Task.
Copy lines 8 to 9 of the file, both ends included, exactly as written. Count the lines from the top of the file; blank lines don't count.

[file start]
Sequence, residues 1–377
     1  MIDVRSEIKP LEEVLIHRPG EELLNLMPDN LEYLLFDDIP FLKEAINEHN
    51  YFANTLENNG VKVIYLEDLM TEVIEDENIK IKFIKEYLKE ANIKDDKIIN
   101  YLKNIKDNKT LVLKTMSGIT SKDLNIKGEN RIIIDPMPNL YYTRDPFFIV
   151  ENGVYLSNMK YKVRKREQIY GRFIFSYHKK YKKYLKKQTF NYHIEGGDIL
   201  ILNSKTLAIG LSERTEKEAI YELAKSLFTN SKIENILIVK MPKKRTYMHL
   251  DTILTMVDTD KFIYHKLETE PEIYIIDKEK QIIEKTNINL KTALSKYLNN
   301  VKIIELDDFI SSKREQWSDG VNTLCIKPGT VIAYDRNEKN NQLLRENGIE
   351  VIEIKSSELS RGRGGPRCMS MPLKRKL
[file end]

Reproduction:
   301  VKIIELDDFI SSKREQWSDG VNTLCIKPGT VIAYDRNEKN NQLLRENGIE
   351  VIEIKSSELS RGRGGPRCMS MPLKRKL